Cancer Clinics

Alternative, Complimentary, and Integrative Clinics

Cancer ClinicSelecting a cancer clinic can be daunting. Most mainstream oncologists are disapproving of alternative therapies because they are unfamiliar with them. In addition, there are few studies (in patients) to assess the value of these treatments. Nonetheless, for many cancer patients, reputable cancer clinics do improve their quality of life and, in some cases, also extend survival.

Some Definitions:

Complementary and alternative medicine (CAM), also referred to as integrative medicine, is defined as interventions not taught widely in US medical schools and not generally available in US hospitals. CAM treatments can include a broad range of healing philosophies, approaches, and therapies. A therapy is generally called complementary when it is used in addition to conventional treatments; it is often called alternative when it is used instead of conventional treatment.

Here are five points to consider when selecting an alternative, complimentary or integrative cancer clinic:

The Doctor – Clinics that treat cancer are only as good as their practitioners. Where was the doctor trained? What type of medical licenses do they hold? What are their research interests and experience? What have they published? How long have they treated cancer patients? You should be able to talk to the doctors and ask these questions before you become their patient.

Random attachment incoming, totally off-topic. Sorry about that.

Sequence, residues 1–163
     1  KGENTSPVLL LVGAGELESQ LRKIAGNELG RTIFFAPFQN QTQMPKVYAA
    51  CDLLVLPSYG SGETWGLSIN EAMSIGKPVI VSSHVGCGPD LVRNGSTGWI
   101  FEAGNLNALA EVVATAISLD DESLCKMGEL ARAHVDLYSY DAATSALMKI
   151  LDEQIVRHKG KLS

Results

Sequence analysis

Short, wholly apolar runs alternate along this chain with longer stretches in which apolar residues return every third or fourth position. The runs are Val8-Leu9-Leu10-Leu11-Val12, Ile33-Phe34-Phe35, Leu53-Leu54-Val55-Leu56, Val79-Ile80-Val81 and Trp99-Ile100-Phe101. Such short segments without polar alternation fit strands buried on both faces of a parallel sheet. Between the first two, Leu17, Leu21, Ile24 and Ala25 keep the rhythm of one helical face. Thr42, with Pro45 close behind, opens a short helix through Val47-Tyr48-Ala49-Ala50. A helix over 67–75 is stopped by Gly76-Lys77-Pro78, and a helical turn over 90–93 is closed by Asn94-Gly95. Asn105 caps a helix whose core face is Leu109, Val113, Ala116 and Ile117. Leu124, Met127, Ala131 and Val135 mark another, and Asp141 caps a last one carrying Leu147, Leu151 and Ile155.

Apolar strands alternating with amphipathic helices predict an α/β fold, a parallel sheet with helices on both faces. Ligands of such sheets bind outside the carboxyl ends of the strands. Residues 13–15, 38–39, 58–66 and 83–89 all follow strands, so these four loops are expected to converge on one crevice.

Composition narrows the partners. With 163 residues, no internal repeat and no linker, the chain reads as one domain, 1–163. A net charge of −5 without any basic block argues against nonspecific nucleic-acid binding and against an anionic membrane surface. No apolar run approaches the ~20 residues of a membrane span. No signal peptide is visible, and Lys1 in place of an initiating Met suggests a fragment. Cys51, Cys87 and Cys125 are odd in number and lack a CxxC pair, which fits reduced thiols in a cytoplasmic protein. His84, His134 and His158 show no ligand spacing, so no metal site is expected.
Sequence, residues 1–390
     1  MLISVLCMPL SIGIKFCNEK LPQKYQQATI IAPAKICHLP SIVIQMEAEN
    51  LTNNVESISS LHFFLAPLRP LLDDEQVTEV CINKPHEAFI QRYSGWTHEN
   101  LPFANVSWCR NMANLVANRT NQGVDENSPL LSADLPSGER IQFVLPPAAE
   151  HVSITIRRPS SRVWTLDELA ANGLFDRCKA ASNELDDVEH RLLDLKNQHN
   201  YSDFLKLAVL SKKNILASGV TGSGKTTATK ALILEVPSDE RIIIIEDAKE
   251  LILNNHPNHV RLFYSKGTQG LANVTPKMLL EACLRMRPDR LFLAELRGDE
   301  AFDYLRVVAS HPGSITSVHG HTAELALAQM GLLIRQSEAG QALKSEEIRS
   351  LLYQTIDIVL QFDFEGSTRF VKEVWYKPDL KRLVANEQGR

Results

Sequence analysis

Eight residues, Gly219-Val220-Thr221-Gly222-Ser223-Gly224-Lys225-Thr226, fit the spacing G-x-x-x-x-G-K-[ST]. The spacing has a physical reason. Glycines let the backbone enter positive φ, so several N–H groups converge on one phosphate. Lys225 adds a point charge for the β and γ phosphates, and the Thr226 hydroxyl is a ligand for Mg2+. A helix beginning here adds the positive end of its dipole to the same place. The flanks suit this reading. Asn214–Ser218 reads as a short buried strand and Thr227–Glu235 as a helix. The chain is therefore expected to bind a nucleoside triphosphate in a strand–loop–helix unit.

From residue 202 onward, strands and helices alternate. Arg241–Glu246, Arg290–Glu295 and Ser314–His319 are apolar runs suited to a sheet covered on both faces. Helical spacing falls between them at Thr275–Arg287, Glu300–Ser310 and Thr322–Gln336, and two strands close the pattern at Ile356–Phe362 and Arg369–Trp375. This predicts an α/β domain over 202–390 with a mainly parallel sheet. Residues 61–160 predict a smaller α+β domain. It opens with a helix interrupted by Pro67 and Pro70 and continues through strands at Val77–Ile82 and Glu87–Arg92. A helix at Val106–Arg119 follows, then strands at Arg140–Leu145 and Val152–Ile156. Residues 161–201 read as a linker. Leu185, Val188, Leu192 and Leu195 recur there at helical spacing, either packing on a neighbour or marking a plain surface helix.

The Patients – What is the clinic’s experience with patients like you? Has the clinic treated patients with the same type and stage of cancer as yours? How well have these patients done? Can you speak to these patients or their families? You should ask the doctor or administrator if you can contact any of their patients. If this is a problem because of privacy laws, you can visit the clinic, spend some time in the waiting room, and speak with the patients who come through. You can ask them what kind of cancer they have, how long they have been treated, what is their opinion of the doctors and treatments.

The Staff & Premises – Like most healthcare settings, patients spend a great deal of time being cared for by nurses and other staff. Therefore, the attitude of the staff is also a consideration. How well does the staff treat their patients? Do they seem hurried and tired? Are they calm, patient, professional and courteous? Do they communicate well? Is there a feeling of optimism and confidence? What about the premises. Are they clean? Is the equipment new? Visit the clinic and keep your eyes open.

The Treatments – What are the main therapies and what is known about them? Is there scientific evidence to support their use? Are they effective? Are they safe and non-toxic? A search on Pubmed can get you started as can various books on alternative therapies.

Timing – Most patients go to cancer clinics after orthodox medicine has failed them. At this point, the mainstream therapies have run their course providing a great deal of toxicity and limited efficacy. The patient’s immune system is often decimated, the cancer has spread, and the patient’s energy is depleted. Even in these cases, clinics can often provide a better quality of life. The best successes, however, in extending the lives of patients are often achieved in those individuals who have not undergone the full toxicity of orthodox therapies.